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Samsung's Reputation Is Exploding Before Our Eyes

It wasn't that long ago that Samsung was riding high, celebrating excellent sales of its Galaxy S7 and S7 Edge. They were the phones to beat. And then the Note 7 started catching fire. Now Samsung is trying to put out another new fire: an exploding Note 7 on a Southwest plane that was supposedly safe.

Credit: Getty Images

(Image credit: Getty Images)

The latest bad news for Samsung is that a Southwest Airlines flight from Louisville to Baltimore was evacuated while at the gate because of a smoking Galaxy Note 7 phone.

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According to The Verge, no injuries were reported. The owner confirmed to the website that his device was a replacement device that was supposed to be safe. He told the site that a "thick grey-green smoke was pouring out of the device."

Previously, some locally purchased Note 7 models in China reportedly ignited, in one case burning a man's fingers and his nearby MacBook. At the time, Samsung told Bloomberg that it hasn't had a chance to inspect the device in question.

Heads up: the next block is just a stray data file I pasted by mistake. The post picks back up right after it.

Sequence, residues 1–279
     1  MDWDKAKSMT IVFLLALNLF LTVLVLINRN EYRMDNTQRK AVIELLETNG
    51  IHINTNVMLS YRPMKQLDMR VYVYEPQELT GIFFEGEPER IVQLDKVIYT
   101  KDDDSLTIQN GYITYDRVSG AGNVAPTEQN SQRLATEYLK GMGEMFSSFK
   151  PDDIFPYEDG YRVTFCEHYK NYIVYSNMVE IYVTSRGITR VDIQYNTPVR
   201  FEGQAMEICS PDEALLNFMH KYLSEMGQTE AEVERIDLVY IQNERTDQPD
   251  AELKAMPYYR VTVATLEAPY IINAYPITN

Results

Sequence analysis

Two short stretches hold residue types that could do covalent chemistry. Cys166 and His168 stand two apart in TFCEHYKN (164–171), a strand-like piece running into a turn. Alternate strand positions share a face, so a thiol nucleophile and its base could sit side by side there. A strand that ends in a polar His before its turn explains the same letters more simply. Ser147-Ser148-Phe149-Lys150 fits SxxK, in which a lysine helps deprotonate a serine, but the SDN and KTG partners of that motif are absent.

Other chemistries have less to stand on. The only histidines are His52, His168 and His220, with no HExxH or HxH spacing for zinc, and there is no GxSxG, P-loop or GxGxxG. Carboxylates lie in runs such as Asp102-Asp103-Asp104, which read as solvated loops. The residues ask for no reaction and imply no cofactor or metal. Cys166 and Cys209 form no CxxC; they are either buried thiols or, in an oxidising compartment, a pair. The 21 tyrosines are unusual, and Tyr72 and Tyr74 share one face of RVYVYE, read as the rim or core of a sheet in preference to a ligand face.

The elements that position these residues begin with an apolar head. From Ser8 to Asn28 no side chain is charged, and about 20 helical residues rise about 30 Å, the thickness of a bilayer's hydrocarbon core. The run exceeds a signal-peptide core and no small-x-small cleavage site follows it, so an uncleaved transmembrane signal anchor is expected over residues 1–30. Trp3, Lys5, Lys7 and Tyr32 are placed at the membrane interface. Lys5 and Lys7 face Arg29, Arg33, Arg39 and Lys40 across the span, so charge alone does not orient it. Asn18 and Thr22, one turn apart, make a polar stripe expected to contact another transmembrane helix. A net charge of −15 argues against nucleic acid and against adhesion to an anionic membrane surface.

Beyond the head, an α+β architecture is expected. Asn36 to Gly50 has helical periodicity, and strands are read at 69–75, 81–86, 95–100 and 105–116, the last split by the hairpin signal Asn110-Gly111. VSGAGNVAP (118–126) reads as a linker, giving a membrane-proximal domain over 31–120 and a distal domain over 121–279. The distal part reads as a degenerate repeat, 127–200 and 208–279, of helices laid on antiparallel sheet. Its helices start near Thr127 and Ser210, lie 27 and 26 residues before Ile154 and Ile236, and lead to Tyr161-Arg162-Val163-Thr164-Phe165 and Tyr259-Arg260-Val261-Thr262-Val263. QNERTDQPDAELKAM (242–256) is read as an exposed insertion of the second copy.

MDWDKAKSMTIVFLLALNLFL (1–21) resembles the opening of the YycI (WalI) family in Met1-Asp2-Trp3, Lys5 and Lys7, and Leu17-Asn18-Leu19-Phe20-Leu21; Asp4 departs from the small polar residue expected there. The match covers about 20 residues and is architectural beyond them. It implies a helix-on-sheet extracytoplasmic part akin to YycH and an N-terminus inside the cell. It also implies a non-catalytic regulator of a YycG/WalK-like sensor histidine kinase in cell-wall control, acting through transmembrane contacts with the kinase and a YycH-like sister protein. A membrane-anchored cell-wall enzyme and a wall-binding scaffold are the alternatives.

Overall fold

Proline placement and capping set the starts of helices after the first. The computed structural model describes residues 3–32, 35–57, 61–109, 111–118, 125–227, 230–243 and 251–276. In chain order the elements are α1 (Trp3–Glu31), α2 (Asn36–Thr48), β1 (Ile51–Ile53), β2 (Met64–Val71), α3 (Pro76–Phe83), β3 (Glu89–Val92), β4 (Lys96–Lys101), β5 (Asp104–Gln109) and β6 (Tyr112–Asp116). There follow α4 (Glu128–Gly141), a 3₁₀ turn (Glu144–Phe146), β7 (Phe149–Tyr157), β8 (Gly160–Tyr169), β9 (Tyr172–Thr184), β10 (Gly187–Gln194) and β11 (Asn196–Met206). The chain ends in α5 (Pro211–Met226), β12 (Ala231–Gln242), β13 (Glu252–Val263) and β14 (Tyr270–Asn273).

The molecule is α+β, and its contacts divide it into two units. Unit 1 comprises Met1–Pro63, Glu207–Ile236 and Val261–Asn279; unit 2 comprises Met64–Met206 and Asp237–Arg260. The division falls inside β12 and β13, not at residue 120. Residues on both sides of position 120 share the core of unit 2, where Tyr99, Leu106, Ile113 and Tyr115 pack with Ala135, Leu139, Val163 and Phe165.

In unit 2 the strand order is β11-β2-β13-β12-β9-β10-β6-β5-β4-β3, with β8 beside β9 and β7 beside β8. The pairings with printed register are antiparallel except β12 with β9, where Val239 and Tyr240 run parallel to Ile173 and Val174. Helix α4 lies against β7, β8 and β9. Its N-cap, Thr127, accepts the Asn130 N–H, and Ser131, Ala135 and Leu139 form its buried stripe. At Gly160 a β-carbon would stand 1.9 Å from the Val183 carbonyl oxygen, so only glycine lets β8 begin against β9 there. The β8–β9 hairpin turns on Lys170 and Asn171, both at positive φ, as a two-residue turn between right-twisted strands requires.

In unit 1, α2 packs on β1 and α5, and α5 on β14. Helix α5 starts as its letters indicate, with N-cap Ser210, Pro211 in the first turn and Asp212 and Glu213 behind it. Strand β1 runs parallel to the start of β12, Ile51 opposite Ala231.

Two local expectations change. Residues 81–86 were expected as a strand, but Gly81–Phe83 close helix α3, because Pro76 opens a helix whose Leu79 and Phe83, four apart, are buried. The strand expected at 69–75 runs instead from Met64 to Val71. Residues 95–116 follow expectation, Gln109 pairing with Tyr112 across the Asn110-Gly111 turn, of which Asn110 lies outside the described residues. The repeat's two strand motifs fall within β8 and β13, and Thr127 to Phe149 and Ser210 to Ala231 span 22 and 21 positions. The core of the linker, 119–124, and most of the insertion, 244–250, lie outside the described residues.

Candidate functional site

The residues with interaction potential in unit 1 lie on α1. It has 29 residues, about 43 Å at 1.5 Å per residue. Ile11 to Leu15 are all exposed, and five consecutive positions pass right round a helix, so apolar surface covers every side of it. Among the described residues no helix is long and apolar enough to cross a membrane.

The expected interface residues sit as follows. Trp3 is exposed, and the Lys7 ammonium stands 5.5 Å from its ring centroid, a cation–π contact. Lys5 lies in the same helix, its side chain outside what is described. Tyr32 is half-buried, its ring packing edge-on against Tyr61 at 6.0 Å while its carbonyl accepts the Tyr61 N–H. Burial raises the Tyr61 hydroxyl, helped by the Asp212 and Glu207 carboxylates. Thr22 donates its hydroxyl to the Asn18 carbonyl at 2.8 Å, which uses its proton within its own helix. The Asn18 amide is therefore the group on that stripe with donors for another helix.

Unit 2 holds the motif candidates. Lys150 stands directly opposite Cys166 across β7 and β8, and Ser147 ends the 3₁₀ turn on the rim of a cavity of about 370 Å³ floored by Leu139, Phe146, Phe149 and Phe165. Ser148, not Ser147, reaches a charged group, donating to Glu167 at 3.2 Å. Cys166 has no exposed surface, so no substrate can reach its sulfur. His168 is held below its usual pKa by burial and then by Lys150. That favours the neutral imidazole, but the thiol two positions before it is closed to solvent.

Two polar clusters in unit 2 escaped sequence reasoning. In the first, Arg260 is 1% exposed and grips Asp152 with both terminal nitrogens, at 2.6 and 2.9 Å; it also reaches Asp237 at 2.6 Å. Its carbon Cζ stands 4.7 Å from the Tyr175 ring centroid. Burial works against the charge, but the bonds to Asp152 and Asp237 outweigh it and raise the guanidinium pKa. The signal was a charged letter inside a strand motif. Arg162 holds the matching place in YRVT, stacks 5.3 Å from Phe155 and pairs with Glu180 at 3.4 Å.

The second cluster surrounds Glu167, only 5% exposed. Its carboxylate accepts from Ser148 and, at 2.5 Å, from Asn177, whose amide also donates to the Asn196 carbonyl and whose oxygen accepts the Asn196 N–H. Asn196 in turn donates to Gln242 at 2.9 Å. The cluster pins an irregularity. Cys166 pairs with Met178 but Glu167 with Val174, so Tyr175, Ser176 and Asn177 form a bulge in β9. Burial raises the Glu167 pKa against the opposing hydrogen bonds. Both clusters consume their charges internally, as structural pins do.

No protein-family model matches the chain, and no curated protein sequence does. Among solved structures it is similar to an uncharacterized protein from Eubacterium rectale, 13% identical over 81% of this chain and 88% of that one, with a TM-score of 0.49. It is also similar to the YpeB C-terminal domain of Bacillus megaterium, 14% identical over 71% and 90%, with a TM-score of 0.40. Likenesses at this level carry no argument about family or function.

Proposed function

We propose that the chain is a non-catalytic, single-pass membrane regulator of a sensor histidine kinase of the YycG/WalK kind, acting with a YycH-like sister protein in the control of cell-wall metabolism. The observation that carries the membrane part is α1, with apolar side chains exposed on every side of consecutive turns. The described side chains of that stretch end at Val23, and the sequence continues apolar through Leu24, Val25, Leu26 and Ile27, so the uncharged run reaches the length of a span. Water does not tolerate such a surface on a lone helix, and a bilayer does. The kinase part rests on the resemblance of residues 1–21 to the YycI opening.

What's odd was that the company sincerely apologized "for the confusion and unease caused to our customers in China" while still insisting that the Note 7 models there were safe, because the batteries from that phone come from a different supplier than the recalled models sold elsewhere.

So what was Samsung apologizing for, exactly?

Meanwhile, the Washington Post reported that Samsung washing machines have exploded, and three women have filed a class action lawsuit against the company. The suit covers 11 models.

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The washing machines don't explode in the same way as the Note 7, as the the suit alleges Samsung's washers shake violently during heavy loads, leading the tub to “become unfastened, resulting in a dramatic centrifugal explosion that destroys the machine and nearby property.”

On Sept. 28, the U.S. Consumer Product Safety Commission issued a warning on its website, saying it was "actively and cooperatively working with Samsung to address safety issues related to certain top-load washing machines made between March 2011 and April 2016." The CPSC is advising consumers to only use the delicate cycle when washing bedding, water-resistant and bulky items, as the the lower spin speed lessens the risk of impact injuries or property damage.

Do you know what would also less the risk of damage? Getting rid of your Samsung washing machine.

Maybe it's a coincidence, but it seems as though Samsung has taken its eye off the ball when it comes to quality control. And the more incidents like this occur, the harder it will be for the company to recover.